The Jane Austen Book Club – Karen Joy Fowler, 2004

Fowler has come a long, long way since winning a science fiction short story contest in 1985 (one I also entered!)–making the leap from genre fiction to New York Times bestseller is incredibly rare. This isn’t a ground-breaking novel, but it’s enormously satisfying in many ways (and must have led to a huge Austen revival, if I’m any kind of example, because I went on to read all 6 novels for the first time). We meet six characters, five women and one man, and learn something about each of them as their informal book club reads through all of Austen. Fowler begins by telling us: “Each of us has a private Austen,” and part of the fun comes from seeing the books through different lenses. Like Austen, Fowler has a sharp eye for human foibles and a dry way of pointing them out.

“I think we should all be women,” Bernadette suggested next. “The dynamic changes with men. They pontificate rather than communicate. They talk more than their share.”

Jocelyn opened her mouth.

“No one can get a word in,” Bernadette warned her. “Women are too tentative to interrupt, no matter how long someone has gone on.”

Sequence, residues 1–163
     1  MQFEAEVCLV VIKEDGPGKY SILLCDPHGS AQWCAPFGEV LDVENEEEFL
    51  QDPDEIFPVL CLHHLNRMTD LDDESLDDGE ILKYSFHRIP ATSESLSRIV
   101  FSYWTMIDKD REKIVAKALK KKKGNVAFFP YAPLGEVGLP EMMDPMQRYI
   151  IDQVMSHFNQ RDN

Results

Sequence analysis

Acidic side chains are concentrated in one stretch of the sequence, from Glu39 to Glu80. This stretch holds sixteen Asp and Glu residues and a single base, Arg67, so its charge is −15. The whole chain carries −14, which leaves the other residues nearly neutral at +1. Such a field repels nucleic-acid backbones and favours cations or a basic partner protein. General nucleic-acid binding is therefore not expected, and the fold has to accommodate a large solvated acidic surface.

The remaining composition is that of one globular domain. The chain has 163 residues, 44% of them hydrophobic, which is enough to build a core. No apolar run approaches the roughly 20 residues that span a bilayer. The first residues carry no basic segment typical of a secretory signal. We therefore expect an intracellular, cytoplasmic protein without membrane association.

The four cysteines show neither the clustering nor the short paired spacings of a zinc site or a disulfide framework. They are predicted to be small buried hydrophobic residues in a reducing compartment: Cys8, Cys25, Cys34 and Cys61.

Jocelyn cleared her throat.

“Besides, men don’t do book clubs,” Bernadette said. “They see reading as a solitary pleasure. When they read at all.”

Jocelyn closed her mouth.

Grigg, the one man who’s invited to join the club, is to my mind the most likeable character (and Fowler’s stand-in for a nice, if partisan, set-piece where people dismissive of science fiction are shown up as boorish, ignorant louts). Some of the six remain more opaque than others, but there’s a pleasing resolution to each story and a properly Austenish matchup at the end.

We get a lot of enjoyable supporting material–information about Austen and her contemporaries, interpolated insights on some of the characters, a summary of the Austen novels and critical opinions of them–and most delightfully, at the end, questions for the reader posed by the characters, some about Austen and some about the novel itself.

I think I need to re-read this book now that I’ve actually read the Austen novels, and see what I missed the first time around. One of my favorite things about reading is correspondences and connections between books, and the way that one leads to others. Unlike the coat-tail riders who write sequels to classic novels, or steal another author’s characters to spice up their own languishing careers with a marketing hook, Fowler has found a way to create a novel that’s entirely hers, while legitimately enriching it with ties to a common literary experience.

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